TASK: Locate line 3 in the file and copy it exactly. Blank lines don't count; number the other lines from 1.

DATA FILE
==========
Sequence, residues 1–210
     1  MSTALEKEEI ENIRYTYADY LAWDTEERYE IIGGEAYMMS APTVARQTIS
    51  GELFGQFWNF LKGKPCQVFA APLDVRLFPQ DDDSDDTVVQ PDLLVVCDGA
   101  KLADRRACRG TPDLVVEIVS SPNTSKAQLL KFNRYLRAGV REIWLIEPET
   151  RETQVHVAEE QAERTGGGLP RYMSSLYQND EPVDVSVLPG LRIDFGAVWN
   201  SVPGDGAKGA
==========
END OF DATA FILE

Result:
    51  GELFGQFWNF LKGKPCQVFA APLDVRLFPQ DDDSDDTVVQ PDLLVVCDGA